Fr. Francis Scaria
The most miserable example of an opportunity lost is that of Judas. He messed up a fantastic opportunity. Can there be a position in the history of mankind offered to any human being better than the one offered to the twelve – a vocation to be an Apostle of the Son of God? In Mt 13:16-17, Jesus says, “But blessed are your eyes, for they see, and your ears, for they hear. Truly I tell you, many prophets and righteous people longed to see what you see, but did not see it, and to hear what you hear, but did not hear it”. But his obsession for money, which St. Paul describes as the root of all evil (1 Tim 6:10), makes him sell off that opportunity. When he sold off his Master and Lord, he was also selling off a treasurable God-given opportunity.
The First Book of Samuel describes how Saul, son of Kush messed up an opportunity offered to him to be first king of Israel. Saul was the tallest among the Israelites and most handsome too (cf. 1 Sam 9:2). God chose him to be anointed to rule over His people (cf. 1 Sam 9:15-17). God even “gave him another heart”(1 Sam 10:9). The Spirit of God possessed him and he prophesied (cf. 1 Sam 10:9-13). When the people of Israel gathered around prophet Samuel to choose their king by lot, the lot fell on Saul. With the power of God, he routed the kingdoms of the enemies of the Israel (cf. 1 Sam 11:1-13; 14:47-48). His success as king made him forget God. He offered an unlawful sacrifice (1 Sam 13:1-13). He disobeyed the Lord (cf. 1 Sam 15). Worse still, an obsession of jealousy for David, one of his own subjects makes him mess up his God-given vocation.
In John Milton’s Paradise Lost the devil who lost the paradise, unable to come to terms with the new situation, tries to rename the hell as heaven. He tells himself, “It is better to rule in hell than to be ruled over in heaven”. Satan wants to give an impression that it is God who lost the paradise. Hell can be the fool’s paradise because there is nothing left for him, no scope for anything better.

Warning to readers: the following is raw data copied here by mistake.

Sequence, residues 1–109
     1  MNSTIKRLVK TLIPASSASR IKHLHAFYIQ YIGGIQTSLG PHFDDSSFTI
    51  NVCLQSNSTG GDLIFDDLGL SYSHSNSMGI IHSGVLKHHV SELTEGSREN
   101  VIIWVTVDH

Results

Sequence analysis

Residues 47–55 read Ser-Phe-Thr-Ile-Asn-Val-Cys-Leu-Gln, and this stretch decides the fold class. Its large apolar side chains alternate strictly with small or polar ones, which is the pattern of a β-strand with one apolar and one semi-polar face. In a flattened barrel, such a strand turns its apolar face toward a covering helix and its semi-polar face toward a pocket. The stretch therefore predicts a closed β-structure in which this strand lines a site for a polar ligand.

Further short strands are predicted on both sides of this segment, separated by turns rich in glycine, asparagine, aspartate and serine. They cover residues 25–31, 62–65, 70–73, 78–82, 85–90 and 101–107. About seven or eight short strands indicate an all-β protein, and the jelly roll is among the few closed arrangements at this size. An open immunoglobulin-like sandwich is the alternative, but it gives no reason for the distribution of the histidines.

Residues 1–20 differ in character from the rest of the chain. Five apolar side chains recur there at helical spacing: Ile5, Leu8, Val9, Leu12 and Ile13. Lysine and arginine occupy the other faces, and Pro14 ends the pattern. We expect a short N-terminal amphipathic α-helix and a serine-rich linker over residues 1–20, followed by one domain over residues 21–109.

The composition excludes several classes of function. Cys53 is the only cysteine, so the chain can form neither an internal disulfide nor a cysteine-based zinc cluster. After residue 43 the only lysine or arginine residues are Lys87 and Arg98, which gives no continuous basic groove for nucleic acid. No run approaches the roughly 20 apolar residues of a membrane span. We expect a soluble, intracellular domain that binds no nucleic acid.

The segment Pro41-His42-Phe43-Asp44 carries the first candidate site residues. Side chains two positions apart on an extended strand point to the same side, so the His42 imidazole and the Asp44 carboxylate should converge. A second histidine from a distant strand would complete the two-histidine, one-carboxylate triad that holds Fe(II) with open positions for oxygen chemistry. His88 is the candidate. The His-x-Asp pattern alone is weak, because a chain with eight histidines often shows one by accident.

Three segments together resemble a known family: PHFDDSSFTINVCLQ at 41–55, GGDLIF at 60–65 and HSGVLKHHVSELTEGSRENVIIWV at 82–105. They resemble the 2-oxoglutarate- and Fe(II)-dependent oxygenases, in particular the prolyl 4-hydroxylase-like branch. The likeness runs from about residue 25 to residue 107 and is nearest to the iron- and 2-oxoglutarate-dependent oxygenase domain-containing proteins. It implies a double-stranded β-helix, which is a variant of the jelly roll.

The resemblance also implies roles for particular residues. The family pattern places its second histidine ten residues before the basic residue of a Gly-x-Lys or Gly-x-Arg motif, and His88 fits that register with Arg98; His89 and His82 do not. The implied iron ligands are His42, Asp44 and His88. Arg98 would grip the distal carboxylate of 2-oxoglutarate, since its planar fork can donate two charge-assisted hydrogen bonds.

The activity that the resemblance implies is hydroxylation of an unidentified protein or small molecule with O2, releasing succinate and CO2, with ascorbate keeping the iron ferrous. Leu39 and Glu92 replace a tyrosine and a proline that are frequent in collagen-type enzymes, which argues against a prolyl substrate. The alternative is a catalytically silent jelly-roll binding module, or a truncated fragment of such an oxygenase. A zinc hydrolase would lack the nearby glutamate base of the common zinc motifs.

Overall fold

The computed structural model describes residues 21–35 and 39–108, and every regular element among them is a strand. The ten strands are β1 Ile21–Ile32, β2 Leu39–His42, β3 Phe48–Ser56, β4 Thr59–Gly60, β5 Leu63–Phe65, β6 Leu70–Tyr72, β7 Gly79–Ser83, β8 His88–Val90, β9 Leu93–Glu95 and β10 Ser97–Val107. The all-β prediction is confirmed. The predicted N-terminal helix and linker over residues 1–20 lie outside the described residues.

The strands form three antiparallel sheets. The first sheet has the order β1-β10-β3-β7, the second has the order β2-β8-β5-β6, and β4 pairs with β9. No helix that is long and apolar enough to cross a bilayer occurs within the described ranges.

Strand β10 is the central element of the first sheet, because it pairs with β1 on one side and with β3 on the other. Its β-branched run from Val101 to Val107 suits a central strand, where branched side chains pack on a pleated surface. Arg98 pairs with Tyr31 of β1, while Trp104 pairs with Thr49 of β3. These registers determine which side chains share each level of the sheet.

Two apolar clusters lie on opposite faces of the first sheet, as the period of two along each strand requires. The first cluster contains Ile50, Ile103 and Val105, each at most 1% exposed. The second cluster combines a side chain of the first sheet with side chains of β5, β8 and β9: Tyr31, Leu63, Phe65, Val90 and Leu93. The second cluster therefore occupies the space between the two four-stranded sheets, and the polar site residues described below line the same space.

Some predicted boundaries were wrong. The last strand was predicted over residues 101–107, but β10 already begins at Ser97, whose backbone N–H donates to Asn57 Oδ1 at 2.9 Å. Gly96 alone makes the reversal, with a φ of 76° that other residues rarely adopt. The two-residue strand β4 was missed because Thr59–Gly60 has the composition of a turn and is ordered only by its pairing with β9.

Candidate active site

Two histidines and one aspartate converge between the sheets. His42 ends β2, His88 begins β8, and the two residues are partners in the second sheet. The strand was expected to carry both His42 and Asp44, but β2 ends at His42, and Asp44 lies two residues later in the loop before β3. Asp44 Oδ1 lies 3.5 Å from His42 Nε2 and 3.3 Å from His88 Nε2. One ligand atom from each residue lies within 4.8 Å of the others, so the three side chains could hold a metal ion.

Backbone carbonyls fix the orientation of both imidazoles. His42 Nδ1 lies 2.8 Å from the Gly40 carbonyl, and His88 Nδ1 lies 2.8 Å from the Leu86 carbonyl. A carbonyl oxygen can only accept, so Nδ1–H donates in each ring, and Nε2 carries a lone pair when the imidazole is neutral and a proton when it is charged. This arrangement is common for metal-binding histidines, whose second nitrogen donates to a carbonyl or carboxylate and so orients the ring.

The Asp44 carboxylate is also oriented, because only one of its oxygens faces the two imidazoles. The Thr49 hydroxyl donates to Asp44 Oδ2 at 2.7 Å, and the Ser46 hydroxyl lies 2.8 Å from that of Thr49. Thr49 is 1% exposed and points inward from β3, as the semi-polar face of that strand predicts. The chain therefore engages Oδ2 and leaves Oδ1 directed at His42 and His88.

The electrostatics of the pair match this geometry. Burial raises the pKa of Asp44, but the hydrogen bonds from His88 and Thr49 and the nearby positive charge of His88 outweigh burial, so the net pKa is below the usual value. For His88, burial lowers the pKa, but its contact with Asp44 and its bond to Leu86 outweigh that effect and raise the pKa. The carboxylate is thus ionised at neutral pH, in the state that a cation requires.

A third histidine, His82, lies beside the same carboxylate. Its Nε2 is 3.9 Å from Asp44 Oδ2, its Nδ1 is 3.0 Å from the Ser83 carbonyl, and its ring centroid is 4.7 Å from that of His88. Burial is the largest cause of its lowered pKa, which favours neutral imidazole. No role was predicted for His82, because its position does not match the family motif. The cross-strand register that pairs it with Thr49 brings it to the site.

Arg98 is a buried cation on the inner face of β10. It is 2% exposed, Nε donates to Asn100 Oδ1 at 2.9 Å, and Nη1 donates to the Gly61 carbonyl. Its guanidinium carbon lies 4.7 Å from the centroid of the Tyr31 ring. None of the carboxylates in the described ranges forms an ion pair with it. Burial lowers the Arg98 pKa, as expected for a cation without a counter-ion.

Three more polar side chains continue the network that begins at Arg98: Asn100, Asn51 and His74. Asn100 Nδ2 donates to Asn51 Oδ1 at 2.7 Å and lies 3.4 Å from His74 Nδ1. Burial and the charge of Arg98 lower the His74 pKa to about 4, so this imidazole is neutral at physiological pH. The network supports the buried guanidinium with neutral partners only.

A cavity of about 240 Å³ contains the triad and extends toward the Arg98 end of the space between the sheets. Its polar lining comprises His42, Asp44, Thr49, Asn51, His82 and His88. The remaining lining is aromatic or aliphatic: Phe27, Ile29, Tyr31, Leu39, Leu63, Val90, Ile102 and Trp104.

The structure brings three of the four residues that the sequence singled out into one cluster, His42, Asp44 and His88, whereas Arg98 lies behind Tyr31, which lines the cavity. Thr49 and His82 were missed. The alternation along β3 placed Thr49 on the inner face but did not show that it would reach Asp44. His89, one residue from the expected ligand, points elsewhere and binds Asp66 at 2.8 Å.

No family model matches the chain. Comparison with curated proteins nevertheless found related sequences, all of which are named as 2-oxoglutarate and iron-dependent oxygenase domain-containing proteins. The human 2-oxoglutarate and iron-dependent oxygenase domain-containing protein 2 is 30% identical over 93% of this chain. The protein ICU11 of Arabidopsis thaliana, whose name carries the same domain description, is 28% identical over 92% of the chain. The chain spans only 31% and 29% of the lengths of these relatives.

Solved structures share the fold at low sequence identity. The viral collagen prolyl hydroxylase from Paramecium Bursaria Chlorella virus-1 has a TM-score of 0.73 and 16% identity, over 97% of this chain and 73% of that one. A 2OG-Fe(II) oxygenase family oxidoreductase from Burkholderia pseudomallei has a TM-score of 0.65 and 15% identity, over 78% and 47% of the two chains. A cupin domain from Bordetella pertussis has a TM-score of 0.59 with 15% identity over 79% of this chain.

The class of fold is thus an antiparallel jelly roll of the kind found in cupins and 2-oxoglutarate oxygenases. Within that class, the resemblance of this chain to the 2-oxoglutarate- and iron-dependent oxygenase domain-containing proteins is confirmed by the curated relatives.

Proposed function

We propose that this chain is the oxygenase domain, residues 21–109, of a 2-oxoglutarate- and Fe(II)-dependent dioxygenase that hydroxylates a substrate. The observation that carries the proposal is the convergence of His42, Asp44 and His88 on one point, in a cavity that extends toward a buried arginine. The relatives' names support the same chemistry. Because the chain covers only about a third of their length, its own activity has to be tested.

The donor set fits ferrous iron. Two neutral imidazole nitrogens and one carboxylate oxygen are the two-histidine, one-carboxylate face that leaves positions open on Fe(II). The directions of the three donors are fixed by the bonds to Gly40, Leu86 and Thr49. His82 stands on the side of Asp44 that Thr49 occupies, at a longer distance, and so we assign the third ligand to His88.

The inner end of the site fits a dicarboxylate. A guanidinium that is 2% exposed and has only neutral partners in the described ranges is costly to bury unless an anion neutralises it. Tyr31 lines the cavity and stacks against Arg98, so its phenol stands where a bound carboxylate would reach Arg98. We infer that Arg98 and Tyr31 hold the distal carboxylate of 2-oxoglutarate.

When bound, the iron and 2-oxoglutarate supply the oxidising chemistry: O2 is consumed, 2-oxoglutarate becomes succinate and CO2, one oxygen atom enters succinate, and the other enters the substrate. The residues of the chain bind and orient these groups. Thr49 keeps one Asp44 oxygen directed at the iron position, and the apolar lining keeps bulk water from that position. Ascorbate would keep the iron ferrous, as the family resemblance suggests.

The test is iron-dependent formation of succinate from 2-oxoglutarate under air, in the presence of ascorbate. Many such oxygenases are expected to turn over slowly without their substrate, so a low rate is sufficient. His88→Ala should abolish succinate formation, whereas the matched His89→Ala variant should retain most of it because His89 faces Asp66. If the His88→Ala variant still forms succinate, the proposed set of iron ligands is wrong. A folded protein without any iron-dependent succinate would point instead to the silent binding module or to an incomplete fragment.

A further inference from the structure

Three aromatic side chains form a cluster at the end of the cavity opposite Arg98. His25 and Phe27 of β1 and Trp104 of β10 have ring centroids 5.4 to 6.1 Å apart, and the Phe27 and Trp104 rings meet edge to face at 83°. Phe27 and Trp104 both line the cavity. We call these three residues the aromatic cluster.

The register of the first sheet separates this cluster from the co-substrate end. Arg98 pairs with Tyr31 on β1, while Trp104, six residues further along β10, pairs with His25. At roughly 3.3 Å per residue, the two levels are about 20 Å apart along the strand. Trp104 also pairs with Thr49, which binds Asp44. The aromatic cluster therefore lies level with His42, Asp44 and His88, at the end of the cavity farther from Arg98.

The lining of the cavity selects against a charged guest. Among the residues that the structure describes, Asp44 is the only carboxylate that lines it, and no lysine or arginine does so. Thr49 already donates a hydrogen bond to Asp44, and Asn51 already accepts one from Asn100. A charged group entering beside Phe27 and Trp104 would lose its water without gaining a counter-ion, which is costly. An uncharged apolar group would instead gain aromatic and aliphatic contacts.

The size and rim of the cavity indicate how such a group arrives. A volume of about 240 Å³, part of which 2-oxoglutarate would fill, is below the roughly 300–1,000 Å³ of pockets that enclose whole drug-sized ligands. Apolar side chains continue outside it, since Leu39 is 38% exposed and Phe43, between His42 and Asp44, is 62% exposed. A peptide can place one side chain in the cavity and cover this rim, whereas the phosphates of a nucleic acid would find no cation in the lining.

The New Testament gives us stunning examples of people who made the best use of their opportunities. Bartimeus, the blind beggar, sitting at the roadside in Jericho, “throwing off his cloak”, “sprang up” (Mk 10:50) not to miss the opportunity to meet Jesus and gain sight. Similarly Zacchaeus, the short tax collector, did not want to miss the opportunity and so he climbed on a Sycamore tree to meet Jesus. Had they not taken the trouble to rush to Jesus, Jesus would have passed by and they would have lost the opportunity once and for all (cf. Lk 19:1-10).
Our life is still a great opportunity. We can make it or break it. We can make the best use of it in our wisdom, or we can mess it up in our foolishness. However “God’s foolishness is wiser than human wisdom, and God’s weakness is stronger than human strength” (1Cor 1:25). Jesus on the cross seemed to have lost everything in the eyes of the world. The eternal wisdom of the grain of wheat falling to the ground and dying to become productive can be received only by a believing heart. It was an opportunity that seemed to have been lost in the eyes of the world, yet it was precisely the way the opportunity was best materialised.
MUSINGS : 1-25,